Like how Gwrych Castle was used by English Middleweight Champion Randolph Turpin as a training ground in the 1950s…
We’ve all heard of the hit-show I’m a Celebrity…Get Me Out Of Here! and are familiar with the concepts of the series (think of maggot milkshakes, vaults of doom, and plenty of drama among the hunger-struck and sleep-deprived celebrities.) But had you honestly heard of Gwrych Castle before this year?
With 2020’s swapping of the Australian outback for the majestic hills of North Wales, we’re wondering how much you know about the set of the 20th series on a hillfort in Abergele.
ITV’s decision to throw ten celebrities together with basic sleeping facilities, a rustic ‘privy’ bathroom, and a heating system that leaves a lot to the imagination, has certainly put North Wales on the map.
So we’ve brought to you some fun facts about the 19th-century country-house that’s situated just two miles from the nearest Lyons Holiday Park site (Lyons Kingsley, in Towyn.) Here’s what you never knew you never know about this year’s I’m a Celeb! location…
1) ‘What’s In a Name…?’ No, but seriously, what does Gwrych mean, and am I saying it right?
Perhaps one of the most Welsh-sounding locations broadcasted on national television, ‘Gwrych’ itself means ‘hedge.’ In the native language, Castell Gwrych literally means ‘hedged castle.’ In Welsh, similarly to French, sometimes the adjective comes before the noun.
The way to say it is to really pronounce every syllable – and don’t forget, in Welsh it’s all phonetic. Start by trying to say ‘Greeck.’ Then replace the final syllable with the ever unattainable Welsh ‘ch’ sound. You know the one, that makes you think someone with a cold. Think Harlech, Abersoch, or llongyfarchiadau (OK, we were joking with that last one.)
2) The local council had a say on this year’s decor
The new lightings on the Western turret of the castle were not installed under ITV’s direction. They were approved by Abergele Town Council after a special meeting in October. Cllr Andrew Wood pushed for the town council to consider funding of up to £3,500 to light up the turrets at Gwrych. The council agreed this was a good idea. Not just for the popular reality show, but as a ‘permanent’ fixture at the Grade I listed building.
3) You know it’s old – but it’s even older than you think
Gwrych Castle was constructed between 1810 and 1825 by Lloyd Hesketh Bamford-Hesketh. But its early history is impressively older than the 19th century. The Lloyds family (also known as the ‘Llwyds’) were the ancestral owners of the land around Gwrych Castle. This was known as ‘Plas yn y Gwrych’ (translating to ‘the large house in the hedge.’) Their ancestry dates back to the medieval period and the family shares a bloodline with Llywelyn the Great. He was the King of Gwynedd in the 12th century and eventually ruler of all Wales. The 250-acre estate has two iron age hillforts, lead and silver mines, a Roman shrine, and a medieval battle site.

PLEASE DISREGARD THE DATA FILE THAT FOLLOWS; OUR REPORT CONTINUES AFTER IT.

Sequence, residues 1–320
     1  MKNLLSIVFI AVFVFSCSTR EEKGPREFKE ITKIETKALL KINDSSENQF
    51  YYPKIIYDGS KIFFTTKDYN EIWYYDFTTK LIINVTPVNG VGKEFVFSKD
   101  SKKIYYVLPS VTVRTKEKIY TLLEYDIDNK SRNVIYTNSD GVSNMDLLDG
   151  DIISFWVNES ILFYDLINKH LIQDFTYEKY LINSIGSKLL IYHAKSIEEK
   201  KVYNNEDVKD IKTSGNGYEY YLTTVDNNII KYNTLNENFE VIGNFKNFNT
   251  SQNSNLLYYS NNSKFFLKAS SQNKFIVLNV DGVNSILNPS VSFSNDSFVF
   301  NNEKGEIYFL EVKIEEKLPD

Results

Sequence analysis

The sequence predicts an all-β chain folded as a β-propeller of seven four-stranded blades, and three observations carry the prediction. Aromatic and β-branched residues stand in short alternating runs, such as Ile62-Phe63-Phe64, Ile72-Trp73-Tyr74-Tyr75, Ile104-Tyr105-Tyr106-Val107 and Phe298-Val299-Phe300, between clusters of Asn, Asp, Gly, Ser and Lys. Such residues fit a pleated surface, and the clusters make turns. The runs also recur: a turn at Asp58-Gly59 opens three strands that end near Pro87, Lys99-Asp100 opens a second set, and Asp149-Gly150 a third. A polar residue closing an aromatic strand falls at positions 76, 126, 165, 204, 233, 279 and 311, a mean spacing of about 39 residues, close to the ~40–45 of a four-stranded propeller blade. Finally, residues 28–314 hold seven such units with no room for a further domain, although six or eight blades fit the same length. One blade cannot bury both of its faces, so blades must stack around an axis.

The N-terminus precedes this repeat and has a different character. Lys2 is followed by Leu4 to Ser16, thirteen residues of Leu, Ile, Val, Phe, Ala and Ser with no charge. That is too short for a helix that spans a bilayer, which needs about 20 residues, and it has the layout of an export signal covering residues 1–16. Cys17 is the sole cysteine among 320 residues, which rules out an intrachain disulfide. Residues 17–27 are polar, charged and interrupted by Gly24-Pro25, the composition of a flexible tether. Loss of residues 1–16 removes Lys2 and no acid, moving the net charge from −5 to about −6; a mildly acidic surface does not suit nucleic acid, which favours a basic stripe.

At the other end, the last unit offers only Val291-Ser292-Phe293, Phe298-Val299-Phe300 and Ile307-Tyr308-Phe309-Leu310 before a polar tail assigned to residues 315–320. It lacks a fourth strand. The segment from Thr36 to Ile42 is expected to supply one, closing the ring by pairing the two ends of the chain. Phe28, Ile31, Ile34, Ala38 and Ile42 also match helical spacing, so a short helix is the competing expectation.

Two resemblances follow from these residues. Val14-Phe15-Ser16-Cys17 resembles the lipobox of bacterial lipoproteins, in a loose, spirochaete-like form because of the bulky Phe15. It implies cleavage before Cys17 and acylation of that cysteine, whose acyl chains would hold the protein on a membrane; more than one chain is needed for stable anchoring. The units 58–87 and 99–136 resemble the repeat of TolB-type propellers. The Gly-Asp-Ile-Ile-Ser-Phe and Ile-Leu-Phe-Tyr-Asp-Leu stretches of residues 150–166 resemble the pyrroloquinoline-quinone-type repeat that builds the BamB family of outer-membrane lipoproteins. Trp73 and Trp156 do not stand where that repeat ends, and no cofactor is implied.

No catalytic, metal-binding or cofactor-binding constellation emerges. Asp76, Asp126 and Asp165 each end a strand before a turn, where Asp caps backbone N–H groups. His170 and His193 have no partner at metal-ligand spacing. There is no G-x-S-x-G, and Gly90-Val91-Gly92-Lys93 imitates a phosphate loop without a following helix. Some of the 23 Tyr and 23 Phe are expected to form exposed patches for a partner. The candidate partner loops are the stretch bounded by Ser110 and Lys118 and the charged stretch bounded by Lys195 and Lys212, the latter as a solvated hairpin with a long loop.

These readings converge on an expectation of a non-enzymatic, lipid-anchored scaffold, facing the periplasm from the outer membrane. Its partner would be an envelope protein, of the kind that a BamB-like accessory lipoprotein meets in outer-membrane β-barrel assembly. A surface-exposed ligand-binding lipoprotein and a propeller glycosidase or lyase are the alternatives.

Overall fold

4) They thought it was haunted by a headless monster back in the day (which turned out to be a sheep)
The main road leading to Colwyn Bay from Gwrych Castle was thought to be haunted by a scary ‘headless’ monster. Recordings near the time in 1913 of the fearsome shape were accompanied by reports of loud screeching noises. This led to the road being unused, with many taking a much longer detour. Men even took up revolvers to fend for themselves around what was believed to be the haunted joint. It was revealed years later that the creature was a white sheep with a black-head, unseen against the pitch of the night sky. The screeching sound was a broken branch of a tree.
5) ITV are putting their hands in their pockets to preserve the run-down castle
The castle eventually began to decline after it closed to the public in 1987. An attempt to restore the castle by a wealthy American businessman two years later failed. The former ‘Showpiece of Wales’ soon became the site of looting, vandalism, and was a ‘derelict shell.’ It was again purchased in 2007 by a hotel company as part of a £6m restoration project. But the company went into administration before work started.
The castle and estate were sold to the registered charity, Gwrych Castle Preservation Trust in 2018. Restoration work relied on donations and volunteer work – until ITV confirmed it as the location for this year’s I’m A Celeb. ITV is to support the ongoing restoration project of the site and cover certain costs. This in return for allowing the reality show to be filmed there. It’s rumoured that ITV has forked out for roofing, fixing of the walls, floors and stairs which comes to around £300,000.
Watch I’m a Celebrity…Get Me Out Of Here! on ITV at 9pm.